In a year dominated by the weather and apocalyptic conversations, it’s tempting to say that the freakish drought this summer was the biggest story of the year.
Well, except for the fact that Kokomo fared better than many places in Indiana, and the corn harvest in northern Tipton County came in fairly well. And that who wants to have a natural disaster as the story of the year if you can help it?
No, we’d rather stay positive, which is why the continuing renaissance at Chrysler Group LLC is a better story. It dovetails with the national recognition Kokomo has been receiving for quality of life improvements — and it means jobs and prosperity for a community which faced near extinction in 2009.
1. Chrysler keeps improving
When Chrysler officials announced in November 2010 their intention to invest some $1.3 billion in Kokomo’s powertrain manufacturing facilities, it was such a huge announcement that President Barack Obama and Vice President Joe Biden both traveled to Kokomo to help break the news.
That investment alone might have been enough for the decade, but two years later, Chrysler officials were back to say that the initial expansion investment might not be big enough.
Chrysler is now poised to invest close to another $400 million between the Kokomo facilities, and the company’s newly-acquired plant space in Tipton County.
At the 800,000-square-foot building at the intersection of U.S. 31 and Ind. 28, Chrysler officials say they’ll manufacture 9-speed transmissions at the facility, eventually creating 850 new jobs in the community. In Kokomo, the investment at existing plants is expected to top $162 million. Chrysler sales have been soaring, and the Kokomo area workforce is one of the biggest reasons why.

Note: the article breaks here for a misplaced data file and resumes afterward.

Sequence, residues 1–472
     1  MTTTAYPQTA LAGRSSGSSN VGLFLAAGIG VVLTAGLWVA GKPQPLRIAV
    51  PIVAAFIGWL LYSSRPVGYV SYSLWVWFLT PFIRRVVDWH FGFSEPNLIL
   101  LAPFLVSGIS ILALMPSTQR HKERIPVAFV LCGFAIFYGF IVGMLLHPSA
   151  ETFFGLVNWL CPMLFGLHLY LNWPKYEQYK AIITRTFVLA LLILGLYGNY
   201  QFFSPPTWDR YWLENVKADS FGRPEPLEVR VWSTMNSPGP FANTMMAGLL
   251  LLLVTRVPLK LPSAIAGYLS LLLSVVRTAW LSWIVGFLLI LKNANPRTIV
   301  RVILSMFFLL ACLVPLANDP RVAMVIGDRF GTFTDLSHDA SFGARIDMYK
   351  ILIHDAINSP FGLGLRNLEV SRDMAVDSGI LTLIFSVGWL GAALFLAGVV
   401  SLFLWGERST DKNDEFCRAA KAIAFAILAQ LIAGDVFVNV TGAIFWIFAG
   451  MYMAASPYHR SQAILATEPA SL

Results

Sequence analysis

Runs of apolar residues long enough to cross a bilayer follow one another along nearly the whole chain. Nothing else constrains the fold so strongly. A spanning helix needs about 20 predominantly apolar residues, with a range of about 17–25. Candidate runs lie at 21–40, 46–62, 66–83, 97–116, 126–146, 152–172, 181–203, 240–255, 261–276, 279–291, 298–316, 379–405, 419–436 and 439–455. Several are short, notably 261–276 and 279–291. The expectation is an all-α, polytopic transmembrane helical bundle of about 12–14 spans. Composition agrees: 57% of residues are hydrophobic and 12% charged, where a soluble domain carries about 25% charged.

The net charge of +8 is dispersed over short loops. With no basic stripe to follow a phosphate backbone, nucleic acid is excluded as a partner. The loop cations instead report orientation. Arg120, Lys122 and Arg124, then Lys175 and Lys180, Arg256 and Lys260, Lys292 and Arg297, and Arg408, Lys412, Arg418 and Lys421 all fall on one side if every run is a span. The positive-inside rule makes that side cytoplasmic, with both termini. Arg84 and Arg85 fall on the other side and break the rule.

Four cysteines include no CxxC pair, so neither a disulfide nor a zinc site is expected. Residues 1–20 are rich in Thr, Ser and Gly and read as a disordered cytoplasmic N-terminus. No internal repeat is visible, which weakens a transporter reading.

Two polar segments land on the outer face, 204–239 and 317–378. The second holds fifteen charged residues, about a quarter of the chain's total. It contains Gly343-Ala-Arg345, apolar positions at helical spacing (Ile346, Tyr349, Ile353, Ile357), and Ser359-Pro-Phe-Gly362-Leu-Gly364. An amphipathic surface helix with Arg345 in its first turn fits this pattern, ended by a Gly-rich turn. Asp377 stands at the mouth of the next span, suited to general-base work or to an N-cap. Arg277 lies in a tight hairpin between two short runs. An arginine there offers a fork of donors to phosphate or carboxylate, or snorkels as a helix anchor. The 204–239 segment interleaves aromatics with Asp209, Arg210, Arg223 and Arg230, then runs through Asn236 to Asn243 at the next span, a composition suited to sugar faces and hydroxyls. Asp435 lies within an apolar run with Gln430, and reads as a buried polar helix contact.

2. How dry I am
Farmers in Indiana like to brag about how this area is one of the best places in the world to grow crops, and they’re right. But even Indiana wasn’t immune to the drought sweeping the nation this year.
After months in which most of the state was classified as in a severe drought condition, rains finally fell in time to save much of the soybean crop. But corn was impacted throughout the state.
Bob Nielson, a corn specialist with Purdue University, said for most of Indiana the drought was serious.
He said there are large areas of the state where the yield was 100 bushels per acre, about 38 percent below a normal harvest.
“There were areas around Kokomo that caught some rain,” Nielson said. “There were also parts of northwest Indiana that received some late rain.”
The bad news is that the drought story is continuing, as food prices have risen. All of the Midwest was impacted; only the Northwest, Florida and a narrow band from New England south to Mississippi escaped the drought.